Great American Moments Come Alive

Jerry Coffee
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Wednesday - April 20, 2011
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aIn Navy lingo, to “ship over” means to re-enlist or sign on for another tour.

It was with that same sense of commitment that Susan and I entered Walt Disney’s Epcot World Center in Orlando a couple of weeks ago, and as I passed beneath the huge silver geodesic dome marking the gateway to the park I paused, reached upward, my Mickey Mouse watch gleaming on my left wrist, and exclaimed, “Now this is the America I shipped over for.”

If you have been to Epcot (Experimental Prototype Community Of Tomorrow), you know it’s named for the international pavilions sponsored by a dozen or so different countries. Arranged around a large lake are architectural duplicates (if not to scale) of several countries’ famous historical and contemporary landmarks.

The American pavilion features a half-hour show, “The American Adventure,” truly a “must see” if a part of your personal “American Adventure” takes you to Disney World and Epcot.

The visitor enters a near-replica of Constitution Hall in Philadelphia, complete with a domed rotunda in English-Georgian architecture. The program plays several times a day, but the wait between each one just flies by because you are entertained by the “Voices of Liberty,” an eight person a cappella choir singing traditional American songs from virtually every period in America’s history. The music is richer and fuller because of the impeccable acoustics of the center dome.


Moving to the huge showroom, we pass through the “Hall of Flags” featuring replicas of America’s various flags throughout history.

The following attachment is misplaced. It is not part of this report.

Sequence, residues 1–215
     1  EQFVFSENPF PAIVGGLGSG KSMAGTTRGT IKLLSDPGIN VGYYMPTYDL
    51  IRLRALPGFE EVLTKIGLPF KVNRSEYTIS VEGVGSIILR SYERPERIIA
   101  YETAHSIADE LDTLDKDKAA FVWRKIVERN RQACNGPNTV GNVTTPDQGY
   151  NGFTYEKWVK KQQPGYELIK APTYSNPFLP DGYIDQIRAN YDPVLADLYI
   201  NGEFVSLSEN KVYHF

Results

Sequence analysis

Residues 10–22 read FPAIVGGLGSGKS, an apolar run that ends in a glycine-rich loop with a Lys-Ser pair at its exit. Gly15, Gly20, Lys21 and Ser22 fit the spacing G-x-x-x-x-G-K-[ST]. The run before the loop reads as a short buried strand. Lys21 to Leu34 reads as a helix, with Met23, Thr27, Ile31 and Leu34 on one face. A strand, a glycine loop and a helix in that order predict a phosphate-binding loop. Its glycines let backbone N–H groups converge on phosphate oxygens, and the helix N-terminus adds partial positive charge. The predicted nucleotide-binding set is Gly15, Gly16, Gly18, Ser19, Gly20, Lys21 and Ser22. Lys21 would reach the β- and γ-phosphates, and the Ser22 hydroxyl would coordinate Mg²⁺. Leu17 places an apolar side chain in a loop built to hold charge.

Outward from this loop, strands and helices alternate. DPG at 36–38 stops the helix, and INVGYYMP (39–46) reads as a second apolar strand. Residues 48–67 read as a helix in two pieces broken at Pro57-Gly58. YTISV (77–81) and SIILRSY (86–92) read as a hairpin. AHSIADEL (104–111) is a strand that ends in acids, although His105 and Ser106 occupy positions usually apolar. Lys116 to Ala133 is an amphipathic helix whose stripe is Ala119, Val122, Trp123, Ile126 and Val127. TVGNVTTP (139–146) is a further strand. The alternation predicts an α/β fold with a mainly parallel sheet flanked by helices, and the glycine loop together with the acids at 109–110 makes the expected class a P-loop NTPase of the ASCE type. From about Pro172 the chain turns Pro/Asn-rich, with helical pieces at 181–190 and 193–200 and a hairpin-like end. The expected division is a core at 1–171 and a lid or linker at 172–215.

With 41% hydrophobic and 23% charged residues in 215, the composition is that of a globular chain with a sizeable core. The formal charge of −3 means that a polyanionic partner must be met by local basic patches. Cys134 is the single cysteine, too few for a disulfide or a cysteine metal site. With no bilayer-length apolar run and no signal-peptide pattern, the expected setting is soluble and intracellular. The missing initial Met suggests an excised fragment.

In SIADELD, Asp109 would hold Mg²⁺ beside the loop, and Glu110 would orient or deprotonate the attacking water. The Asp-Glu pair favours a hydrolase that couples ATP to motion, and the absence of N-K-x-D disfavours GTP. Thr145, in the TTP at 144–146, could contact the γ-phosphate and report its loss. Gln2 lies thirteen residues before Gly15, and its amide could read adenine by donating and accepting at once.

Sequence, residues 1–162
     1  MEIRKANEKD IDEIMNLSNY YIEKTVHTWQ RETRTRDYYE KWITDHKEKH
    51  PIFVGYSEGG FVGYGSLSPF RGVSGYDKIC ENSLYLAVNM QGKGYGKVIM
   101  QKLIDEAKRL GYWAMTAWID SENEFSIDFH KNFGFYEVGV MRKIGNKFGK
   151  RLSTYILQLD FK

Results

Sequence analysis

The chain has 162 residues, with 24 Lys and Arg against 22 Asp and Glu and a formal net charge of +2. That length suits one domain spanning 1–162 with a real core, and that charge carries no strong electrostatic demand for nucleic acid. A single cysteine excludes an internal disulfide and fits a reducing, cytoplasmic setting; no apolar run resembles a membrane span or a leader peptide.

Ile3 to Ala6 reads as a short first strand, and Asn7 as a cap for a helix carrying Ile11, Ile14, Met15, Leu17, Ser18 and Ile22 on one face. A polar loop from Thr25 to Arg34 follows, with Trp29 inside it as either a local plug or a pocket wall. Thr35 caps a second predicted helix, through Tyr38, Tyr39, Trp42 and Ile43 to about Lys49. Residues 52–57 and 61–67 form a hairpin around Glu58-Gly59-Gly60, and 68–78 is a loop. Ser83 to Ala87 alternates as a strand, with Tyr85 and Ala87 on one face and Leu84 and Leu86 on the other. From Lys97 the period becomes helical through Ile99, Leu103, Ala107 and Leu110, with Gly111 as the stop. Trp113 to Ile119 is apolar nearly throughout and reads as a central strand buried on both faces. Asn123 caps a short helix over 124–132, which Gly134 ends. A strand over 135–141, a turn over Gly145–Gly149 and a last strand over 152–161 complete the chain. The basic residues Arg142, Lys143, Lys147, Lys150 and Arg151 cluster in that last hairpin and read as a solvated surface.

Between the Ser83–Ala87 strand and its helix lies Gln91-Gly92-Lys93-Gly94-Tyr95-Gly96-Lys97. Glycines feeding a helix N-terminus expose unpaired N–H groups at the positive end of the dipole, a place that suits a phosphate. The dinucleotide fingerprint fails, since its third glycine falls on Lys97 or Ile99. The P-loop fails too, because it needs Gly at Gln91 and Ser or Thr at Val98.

Through the near miracle of Disney’s “Imagineering” and the art of “audio-animatronic” figures, the American Adventure reconstructs America’s history through the eyes and words of 35 lifelike robots starting with Benjamin Franklin and Samuel Clemens (Mark Twain), who actually lived a hundred years apart but converse contemporaneously to represent the broad sweep of American history

All events happening before the invention of photography (such as the landing of the Pilgrims in North America and their struggle to survive that first harsh winter) are depicted in paintings. The program reenacts the Boston tea party. George Washington sits astride his horse at Valley Forge as two of his soldiers - their breath hanging in the frigid air - discuss the toughness of their leader. We see Thomas Jefferson laboring over our first Constitution, his floor littered with discarded drafts. Nez Perce Indian Chief Joseph speaks his famous words of “principled resistance.” Like most of the program, the great Civil War is presented from the common man’s perspective; the tintype photo of a Civil War family, one son fighting for the Union, the other for the Confederacy. The photo morphs into one with a space where one of the brothers was, and the musical theme “One came home, one stayed behind. A cannonball don’t pay no mind, if you’re gentle or if you’re kind.”

Alexander Graham Bell and Andrew Carnegie narrate America’s Industrial Revolution. Susan B. Anthony speaks of the “Social Revolution” by women for their rights. With the backdrop of Yosemite’s Half Dome, naturalist John Muir convinces Teddy Roosevelt to establish America’s National Park system. Will Rogers philosophizes as he spins his rope.

The WWII era is represented by Rosie the Riveter, symbolic of the total industrial mobilization of all Americans - especially women - to provide weapons and supplies to the GIs fighting for freedom worldwide. JFK’s “Ask not” speech stirs a sense of national service. Martin Luther King Jr. speaks of his dream for all Americans.


The program is brought up to date with a comprehensive, fast-paced film montage. The concluding scene features Franklin and Clemens (his omnipresent cigar smoking lazily between puffs) atop the glowing torch of the Statue of Liberty discussing the many challenges America has overcome, and where it might be going in the future.

It’s sometimes difficult to explain American Exceptionalism, or even why America is “different,” the term used by President Obama recently in justifying our involvement in Libya. With The American Adventure, my hero Walt Disney does it in spades. And better yet, it is seen by thousands of foreign visitors each year.

Don’t miss it if you can help it.

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